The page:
Annette’s story

Pulmonary Arterial Hypertension

My name is Annette Martyn, I’m married with two children and four beautiful granddaughters. I am a keen gardener but have to limit this activity to early mornings and late afternoons with rest in between.  I have lived almost all of my life in North Queensland.

In 1989, aged 40, I was diagnosed with lupus. For six more years I presented with chest pains and shortness of breath but these symptoms were put down to lupus. Finally, in 1996, I was diagnosed with Interstitial Pulmonary Fibrosis (IPF). My IPF has a known cause, scleroderma, another symptom of lupus which has scarred the membranes in my lungs, restricting their expansion as I breathe.  Following the diagnosis of IPF I had another 20 years of continuing symptoms  including difficulty breathing when doing even mild exercise, pain and discomfort in my chest, high blood pressure, racing pulse, and feeling like my heart was about to burst, resulting in several stays in hospital.

Finally, in 2017, I was diagnosed with Pulmonary Arterial Hypertension (PAH) through an echocardiogram which was confirmed by a right heart angiogram. I now have a condition that can be controlled by drug therapy, despite uncomfortable side effects, and constant monitoring.  I have been able to investigate and try to understand this disease.

As a result of my conditions, I fatigue quickly with mild exercise such as walking upstairs or on an incline. I also have insomnia and I wake during the night feeling like I have run out of air and can’t get back to sleep which probably adds to the fatigue. Some of the other day-to-day tasks like shopping or housework are sometimes too difficult to manage so my husband, who is my carer, takes care of these tasks.  I find also that air-conditioning has an adverse effect on my breathing and I cannot stay in it for long periods, which limits many social events such as going to a movie.

I have to make constant trips to medical specialists, including the cardiologist and respiratory physician, to prove to the Federal Government that the drug I am prescribed remains funded on the Pharmaceutical Benefits Scheme (PBS). I couldn’t afford it otherwise – it’s too expensive.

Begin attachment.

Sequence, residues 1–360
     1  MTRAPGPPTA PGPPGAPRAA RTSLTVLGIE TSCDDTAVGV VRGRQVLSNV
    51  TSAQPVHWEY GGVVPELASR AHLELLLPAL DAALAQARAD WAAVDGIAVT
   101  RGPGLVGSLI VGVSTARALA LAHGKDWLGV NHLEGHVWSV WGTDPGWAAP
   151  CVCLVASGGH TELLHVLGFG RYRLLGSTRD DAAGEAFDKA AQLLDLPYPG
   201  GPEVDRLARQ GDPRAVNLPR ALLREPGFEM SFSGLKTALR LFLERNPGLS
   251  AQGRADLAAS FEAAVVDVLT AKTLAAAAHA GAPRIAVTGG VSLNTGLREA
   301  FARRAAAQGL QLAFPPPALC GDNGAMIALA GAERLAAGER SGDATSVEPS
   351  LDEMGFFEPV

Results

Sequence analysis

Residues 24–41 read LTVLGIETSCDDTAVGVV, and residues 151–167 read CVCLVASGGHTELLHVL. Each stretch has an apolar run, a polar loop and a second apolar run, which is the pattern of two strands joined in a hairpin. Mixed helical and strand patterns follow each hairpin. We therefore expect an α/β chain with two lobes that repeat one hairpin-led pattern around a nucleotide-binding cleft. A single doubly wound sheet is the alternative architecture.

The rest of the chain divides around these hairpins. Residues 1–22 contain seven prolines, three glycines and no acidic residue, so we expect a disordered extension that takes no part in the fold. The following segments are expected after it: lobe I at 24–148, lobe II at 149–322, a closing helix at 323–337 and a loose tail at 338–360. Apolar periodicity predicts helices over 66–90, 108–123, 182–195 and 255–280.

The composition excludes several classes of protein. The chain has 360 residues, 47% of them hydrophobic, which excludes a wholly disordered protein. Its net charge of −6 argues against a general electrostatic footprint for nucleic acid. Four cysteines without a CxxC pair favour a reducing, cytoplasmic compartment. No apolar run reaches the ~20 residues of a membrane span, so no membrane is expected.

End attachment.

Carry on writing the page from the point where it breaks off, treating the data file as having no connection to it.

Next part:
When I was first diagnosed with PAH, exercise or physiotherapy wasn’t suggested. I was concerned and felt no one was interested in helping me. I’m now four weeks into a pulmonary rehabilitation course and I am hopeful of improvement.

The exercises strengthen core and limb muscles which aids breathing.  On days when I’m feeling well, I do these during my daily routine of gardening and walking up and down our stairs. I also attend a Lung Disease Support Group in Townsville and I think I am the only member of the group with a rare lung disease. I often think, “surely I am not the only person in Townsville with Interstitial Pulmonary Fibrosis”. I am also part of Lung Foundation Australia’s Pulmonary Fibrosis Peer Connect service and am thankful to have connected with Marion – sadly she passed away in 2018. It is always nice to chat to someone who understands your situation and what you’re going through. I always look forward to Lung Foundation Australia’s LungNet Newsletter too as it keeps me informed about what is happening.

I find most people don’t understand lung conditions – what they are and what they mean. All they hear of is the more notorious illnesses such as cancer, and unless you are lying down gasping for breath, they assume you are well.

Although this is sometimes frustrating, you have to accept that and carry on as best you can. I think more research into lung disease will always be needed as we don’t know what we don’t know – only a few years ago there weren’t the drugs available to treat PAH that there are today, for example. I also think we need more community awareness – when people understand a problem they can deal with it much better.

Sharing your personal experience with lung disease is a compelling and inspiring way for others to learn about and cope with their diagnosis. Your story may also encourage people to identify and act on symptoms they are experiencing, which may otherwise have been ignored.

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